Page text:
Philip Rivers' first interception against the Green Bay Packers was maybe my most frustrating moment as a fan of the San Diego Chargers. I don't often get overly-emotional during games but, after Charlie Peprah picked off an inaccurate throw by Rivers, I was standing up and screaming at my TV for the Bolts to show a little heart or fire.
Charlie Peprah is not Ed Reed and he's not Charles Woodson. He's never returned a kick or punt in his six NFL seasons and probably never will. Before facing the Chargers, he had 2 interceptions in 2011 and had returned them for a total of 10 yards combined. Against San Diego, he added 2 more interceptions to his season record and returned them for a total of 116 yards and 1 TD (and very nearly a 2nd).
I was up and screaming because nobody seemed interested in stopping Mr. Peprah from running Rivers' first interception of the day all the way back for 7 points. I shouldn't say nobody, Nick Hardwick and Jeromey Clary seemed to make valiant efforts. Patrick Crayton let himself be easily blocked, Mike Tolbert whiffed on a big hit and Vincent Brown might've shaken Peprah's hand and pointed him in the direction of the end zone.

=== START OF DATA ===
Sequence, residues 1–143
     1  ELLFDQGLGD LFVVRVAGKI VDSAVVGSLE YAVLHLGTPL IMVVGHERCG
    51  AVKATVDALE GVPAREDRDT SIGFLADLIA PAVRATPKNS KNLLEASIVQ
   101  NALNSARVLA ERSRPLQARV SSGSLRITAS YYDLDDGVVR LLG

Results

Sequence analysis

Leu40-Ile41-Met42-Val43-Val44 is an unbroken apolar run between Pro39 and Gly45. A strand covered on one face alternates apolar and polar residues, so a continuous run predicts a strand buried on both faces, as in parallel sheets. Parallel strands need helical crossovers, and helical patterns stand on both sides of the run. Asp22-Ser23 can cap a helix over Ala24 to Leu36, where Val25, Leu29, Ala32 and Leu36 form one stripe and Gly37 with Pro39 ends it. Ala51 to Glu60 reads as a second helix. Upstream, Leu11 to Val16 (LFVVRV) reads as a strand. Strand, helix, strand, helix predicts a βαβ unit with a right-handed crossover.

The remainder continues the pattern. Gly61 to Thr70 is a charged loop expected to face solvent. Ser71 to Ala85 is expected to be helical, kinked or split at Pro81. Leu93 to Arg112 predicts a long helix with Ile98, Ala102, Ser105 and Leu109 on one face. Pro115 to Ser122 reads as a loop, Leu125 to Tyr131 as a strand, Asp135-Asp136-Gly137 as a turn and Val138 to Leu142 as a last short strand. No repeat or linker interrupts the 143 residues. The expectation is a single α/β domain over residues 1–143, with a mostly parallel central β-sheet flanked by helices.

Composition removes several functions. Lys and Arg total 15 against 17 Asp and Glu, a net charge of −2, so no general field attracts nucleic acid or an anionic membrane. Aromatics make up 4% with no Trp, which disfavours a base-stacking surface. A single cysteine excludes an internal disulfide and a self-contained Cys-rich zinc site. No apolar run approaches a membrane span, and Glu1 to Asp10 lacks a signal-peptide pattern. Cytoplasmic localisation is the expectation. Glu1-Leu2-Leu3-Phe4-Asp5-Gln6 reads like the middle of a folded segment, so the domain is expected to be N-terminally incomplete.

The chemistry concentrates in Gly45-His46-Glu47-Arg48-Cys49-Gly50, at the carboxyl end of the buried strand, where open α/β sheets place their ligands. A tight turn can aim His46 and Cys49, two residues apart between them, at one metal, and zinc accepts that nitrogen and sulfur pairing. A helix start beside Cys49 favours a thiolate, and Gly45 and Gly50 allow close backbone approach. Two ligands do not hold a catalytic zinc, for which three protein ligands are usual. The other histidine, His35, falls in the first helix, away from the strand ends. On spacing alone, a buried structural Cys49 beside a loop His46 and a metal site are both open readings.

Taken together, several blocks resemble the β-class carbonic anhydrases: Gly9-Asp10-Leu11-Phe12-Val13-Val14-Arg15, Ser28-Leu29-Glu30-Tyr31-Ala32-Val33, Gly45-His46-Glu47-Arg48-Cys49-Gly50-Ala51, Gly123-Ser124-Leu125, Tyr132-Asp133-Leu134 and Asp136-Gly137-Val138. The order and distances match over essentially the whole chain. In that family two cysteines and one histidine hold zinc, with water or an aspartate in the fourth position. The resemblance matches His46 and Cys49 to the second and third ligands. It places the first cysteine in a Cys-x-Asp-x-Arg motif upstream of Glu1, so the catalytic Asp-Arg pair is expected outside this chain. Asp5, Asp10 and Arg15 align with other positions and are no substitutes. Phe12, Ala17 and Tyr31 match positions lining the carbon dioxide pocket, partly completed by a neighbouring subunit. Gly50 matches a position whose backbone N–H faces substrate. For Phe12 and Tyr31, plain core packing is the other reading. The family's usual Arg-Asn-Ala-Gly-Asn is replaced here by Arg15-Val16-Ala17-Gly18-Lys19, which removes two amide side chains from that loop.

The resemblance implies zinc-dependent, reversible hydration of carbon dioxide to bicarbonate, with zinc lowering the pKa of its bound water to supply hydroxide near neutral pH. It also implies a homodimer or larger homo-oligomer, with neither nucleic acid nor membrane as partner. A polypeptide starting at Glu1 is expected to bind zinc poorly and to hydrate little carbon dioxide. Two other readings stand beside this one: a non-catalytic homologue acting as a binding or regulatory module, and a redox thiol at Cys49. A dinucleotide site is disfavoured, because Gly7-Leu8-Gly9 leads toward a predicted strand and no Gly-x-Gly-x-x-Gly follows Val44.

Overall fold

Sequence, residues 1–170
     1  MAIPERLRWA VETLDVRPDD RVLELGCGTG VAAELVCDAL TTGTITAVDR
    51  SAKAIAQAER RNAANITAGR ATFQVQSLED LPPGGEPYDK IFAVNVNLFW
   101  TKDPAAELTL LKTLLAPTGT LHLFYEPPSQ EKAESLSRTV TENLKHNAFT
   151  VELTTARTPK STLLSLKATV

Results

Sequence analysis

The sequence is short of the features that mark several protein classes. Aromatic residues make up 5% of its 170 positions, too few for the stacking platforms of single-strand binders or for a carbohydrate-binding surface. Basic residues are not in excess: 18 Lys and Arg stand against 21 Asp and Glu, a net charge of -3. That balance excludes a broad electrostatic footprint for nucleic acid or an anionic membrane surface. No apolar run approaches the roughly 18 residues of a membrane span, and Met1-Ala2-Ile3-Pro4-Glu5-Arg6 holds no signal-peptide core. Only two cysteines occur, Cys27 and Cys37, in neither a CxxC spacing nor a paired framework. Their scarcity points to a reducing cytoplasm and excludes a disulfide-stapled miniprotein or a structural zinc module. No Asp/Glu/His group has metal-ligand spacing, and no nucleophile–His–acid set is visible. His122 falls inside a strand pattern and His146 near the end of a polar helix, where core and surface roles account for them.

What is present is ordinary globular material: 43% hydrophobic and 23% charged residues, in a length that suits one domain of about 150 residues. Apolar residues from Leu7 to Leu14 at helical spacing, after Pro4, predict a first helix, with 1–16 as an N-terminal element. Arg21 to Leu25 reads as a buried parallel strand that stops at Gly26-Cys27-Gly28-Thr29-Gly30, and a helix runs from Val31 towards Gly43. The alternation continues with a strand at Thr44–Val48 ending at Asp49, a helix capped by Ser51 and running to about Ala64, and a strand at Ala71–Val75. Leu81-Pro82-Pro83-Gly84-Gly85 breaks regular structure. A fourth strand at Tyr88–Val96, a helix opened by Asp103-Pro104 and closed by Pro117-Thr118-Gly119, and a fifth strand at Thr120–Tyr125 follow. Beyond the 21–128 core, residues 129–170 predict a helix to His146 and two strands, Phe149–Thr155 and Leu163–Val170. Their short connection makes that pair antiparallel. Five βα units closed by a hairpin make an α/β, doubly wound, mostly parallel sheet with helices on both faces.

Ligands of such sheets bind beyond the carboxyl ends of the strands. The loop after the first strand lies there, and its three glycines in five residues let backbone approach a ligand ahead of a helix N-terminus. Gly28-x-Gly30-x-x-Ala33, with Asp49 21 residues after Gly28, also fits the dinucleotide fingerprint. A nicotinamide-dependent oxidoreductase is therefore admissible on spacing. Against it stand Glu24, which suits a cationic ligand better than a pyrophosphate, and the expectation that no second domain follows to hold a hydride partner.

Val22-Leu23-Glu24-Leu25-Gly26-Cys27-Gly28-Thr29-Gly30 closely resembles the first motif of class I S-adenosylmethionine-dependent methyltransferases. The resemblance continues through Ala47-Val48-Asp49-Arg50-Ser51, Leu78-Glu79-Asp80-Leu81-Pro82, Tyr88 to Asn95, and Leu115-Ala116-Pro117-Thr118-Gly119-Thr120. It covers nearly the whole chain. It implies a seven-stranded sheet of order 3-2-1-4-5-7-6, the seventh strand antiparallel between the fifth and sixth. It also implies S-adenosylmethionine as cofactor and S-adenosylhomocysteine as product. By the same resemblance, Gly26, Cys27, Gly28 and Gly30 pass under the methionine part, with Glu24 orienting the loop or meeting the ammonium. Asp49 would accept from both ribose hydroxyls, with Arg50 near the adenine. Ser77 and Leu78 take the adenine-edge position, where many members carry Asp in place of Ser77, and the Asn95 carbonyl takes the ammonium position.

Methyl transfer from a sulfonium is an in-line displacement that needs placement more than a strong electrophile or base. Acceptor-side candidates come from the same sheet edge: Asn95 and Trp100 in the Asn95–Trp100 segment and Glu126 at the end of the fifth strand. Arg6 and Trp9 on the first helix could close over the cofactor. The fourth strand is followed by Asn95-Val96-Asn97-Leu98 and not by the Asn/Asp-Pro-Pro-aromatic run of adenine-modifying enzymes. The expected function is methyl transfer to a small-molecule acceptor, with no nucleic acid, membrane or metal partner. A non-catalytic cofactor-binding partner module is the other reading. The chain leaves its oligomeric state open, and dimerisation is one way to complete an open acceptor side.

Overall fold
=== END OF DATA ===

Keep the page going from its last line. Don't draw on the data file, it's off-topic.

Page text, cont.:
What I saw on each one of Rivers' interceptions was a team that's ready to quit. As soon as the ball was in the hands of a Packer, the Chargers team seemed more interested in hanging their head and walking off the field and fighting for what remains of this season. I'm not blaming them, it's tough to watch your QB throw away the game every week, but it showed me just how little optimism there is on the San Diego sidelines these days.